Alice Paul spearheaded the final fight for woman suffrage, which was finally won in 1920, 133 years after the U.S. Constitution was adopted! I just received this press release from the Alice Paul Institute (the reference to Justice Scalia is his recent remark that the U.S. Constitution doesn’t not “prohibit” discrimination “on the basis of sex.” ):
WASHINGTON, DC – Rep. Carolyn Maloney (D-NY), Sen. Robert Menendez (D-NJ), Rep. Jerrold Nadler (D-NY) and Rep. Gwen Moore, along with representatives from national women’s organizations, joined outside the Capitol today– as the U.S. Constitution was being read on the House floor– to highlight the absence of the Equal Rights Amendment (ERA) and restate the need for its passage.
Maloney, the prime House sponsor of the ERA in the last eight Congresses, said, “As the Constitution is read inside the Capitol today, America is hearing what is included in the Constitution. But we are here outside the Capitol to point out what is excluded: explicit equal rights for women under the Constitution. So, thanks to this new Majority– and to Justice Scalia– for making clear what we, here, already know: that women need equality written into the Constitution—an equality that cannot be easily repealed.”
Menendez, the Senate sponsor of the ERA in the last Congress, said, “Three out of four Americans assume that the Equal Rights Amendment is already part of the Constitution, and many others probably believe that social progress has eclipsed the need for it. But Justice Scalia’s recent comments have made it crystal clear that until equal protection for women is explicitly spelled out in the Constitution, the courts might not guarantee it. In 2011, I can do my banking on my cell phone, I can have all of my music and photos in the palm of my hand, I can even video chat with friends and families thousands of miles away — but I still can’t guarantee to my daughter that our legal system will protect her against discrimination. It’s time to fix this.”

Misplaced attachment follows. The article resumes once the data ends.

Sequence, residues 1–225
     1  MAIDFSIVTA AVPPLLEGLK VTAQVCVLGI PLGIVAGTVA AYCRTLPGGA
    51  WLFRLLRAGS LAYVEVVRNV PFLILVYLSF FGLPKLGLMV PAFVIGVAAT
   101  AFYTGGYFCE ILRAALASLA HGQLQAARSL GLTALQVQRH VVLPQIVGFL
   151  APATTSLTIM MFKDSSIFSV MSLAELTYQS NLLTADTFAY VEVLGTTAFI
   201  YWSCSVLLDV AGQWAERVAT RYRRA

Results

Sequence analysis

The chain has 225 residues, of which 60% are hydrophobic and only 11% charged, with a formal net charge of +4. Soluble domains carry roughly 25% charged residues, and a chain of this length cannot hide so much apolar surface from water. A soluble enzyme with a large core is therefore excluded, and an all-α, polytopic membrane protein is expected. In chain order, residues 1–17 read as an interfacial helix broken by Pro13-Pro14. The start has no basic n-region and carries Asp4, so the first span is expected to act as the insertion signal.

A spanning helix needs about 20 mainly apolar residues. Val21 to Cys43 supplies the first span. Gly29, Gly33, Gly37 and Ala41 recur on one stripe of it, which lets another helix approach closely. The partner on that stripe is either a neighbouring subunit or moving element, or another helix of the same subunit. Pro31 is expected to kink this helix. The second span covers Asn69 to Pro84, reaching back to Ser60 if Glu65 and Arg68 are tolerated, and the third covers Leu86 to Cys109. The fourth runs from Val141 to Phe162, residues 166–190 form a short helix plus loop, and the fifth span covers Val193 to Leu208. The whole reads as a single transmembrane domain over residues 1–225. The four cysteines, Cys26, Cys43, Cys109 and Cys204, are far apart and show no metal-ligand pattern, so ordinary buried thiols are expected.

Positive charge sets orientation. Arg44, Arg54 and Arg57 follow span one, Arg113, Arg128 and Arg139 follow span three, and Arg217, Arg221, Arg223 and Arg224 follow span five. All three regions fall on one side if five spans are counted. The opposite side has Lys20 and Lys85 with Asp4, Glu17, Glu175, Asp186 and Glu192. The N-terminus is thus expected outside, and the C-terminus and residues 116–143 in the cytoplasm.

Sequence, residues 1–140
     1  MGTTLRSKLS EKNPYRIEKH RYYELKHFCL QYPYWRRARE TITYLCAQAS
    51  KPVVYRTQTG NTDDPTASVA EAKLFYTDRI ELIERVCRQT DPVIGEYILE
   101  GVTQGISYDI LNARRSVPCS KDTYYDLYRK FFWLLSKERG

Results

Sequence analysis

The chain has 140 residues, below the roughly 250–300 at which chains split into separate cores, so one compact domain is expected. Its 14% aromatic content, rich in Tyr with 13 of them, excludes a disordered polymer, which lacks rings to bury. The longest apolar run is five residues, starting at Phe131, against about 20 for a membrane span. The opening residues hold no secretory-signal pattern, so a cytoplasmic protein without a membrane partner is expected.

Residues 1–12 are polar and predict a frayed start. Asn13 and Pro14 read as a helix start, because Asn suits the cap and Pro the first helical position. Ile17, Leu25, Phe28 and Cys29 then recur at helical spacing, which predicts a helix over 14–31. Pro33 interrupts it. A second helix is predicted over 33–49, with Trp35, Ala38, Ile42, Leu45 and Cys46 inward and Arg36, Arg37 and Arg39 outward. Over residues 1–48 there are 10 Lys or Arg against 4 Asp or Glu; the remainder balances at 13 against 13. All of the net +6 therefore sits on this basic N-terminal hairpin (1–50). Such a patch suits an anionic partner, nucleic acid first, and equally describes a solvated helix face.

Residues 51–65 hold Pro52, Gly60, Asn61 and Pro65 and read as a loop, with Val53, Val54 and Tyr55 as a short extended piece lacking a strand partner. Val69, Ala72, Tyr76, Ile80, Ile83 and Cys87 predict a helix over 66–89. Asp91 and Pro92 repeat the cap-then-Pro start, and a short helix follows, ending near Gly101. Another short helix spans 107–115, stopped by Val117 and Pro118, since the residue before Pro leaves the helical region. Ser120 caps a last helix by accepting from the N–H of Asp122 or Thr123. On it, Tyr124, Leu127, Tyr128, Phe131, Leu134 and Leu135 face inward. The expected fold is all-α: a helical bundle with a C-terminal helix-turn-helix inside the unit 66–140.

“It is mystifying to me that we are still fighting to ensure that equal rights for women is codified in our nation’s constitution,” said Rep. Nadler. “This amendment is common sense, nonpartisan, and long overdue. I proudly join Congresswoman Maloney, Senator Menendez, and Congresswoman Moore, along with the many committed women’s advocates across the country, in supporting this pivotal legislation.”
Moore, co-chair of the Congressional Women’s Caucus, said, “It’s a wake-up call when a sitting Supreme Court Justice says there is no Constitutional protection for women against discrimination. Apparently women’s rights are at the whim of the Court and will remain that way without the Equal Rights Amendment.”